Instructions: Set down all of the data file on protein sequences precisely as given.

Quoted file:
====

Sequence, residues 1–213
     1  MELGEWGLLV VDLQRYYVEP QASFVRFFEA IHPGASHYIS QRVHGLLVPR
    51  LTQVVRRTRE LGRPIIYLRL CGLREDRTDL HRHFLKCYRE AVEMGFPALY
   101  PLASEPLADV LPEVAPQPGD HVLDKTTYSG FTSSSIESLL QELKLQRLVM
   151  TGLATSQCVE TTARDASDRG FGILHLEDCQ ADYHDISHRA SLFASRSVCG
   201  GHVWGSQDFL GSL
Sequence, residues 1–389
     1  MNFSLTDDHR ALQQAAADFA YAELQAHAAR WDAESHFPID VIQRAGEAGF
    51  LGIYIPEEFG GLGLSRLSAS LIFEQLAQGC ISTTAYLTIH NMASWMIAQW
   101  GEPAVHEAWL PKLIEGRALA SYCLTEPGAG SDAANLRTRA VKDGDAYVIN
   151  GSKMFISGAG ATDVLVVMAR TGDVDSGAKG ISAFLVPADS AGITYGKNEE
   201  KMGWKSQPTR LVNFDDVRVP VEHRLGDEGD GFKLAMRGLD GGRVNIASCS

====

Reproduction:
Sequence, residues 1–213
     1  MELGEWGLLV VDLQRYYVEP QASFVRFFEA IHPGASHYIS QRVHGLLVPR
    51  LTQVVRRTRE LGRPIIYLRL CGLREDRTDL HRHFLKCYRE AVEMGFPALY
   101  PLASEPLADV LPEVAPQPGD HVLDKTTYSG FTSSSIESLL QELKLQRLVM
   151  TGLATSQCVE TTARDASDRG FGILHLEDCQ ADYHDISHRA SLFASRSVCG
   201  GHVWGSQDFL GSL
Sequence, residues 1–389
     1  MNFSLTDDHR ALQQAAADFA YAELQAHAAR WDAESHFPID VIQRAGEAGF
    51  LGIYIPEEFG GLGLSRLSAS LIFEQLAQGC ISTTAYLTIH NMASWMIAQW
   101  GEPAVHEAWL PKLIEGRALA SYCLTEPGAG SDAANLRTRA VKDGDAYVIN
   151  GSKMFISGAG ATDVLVVMAR TGDVDSGAKG ISAFLVPADS AGITYGKNEE
   201  KMGWKSQPTR LVNFDDVRVP VEHRLGDEGD GFKLAMRGLD GGRVNIASCS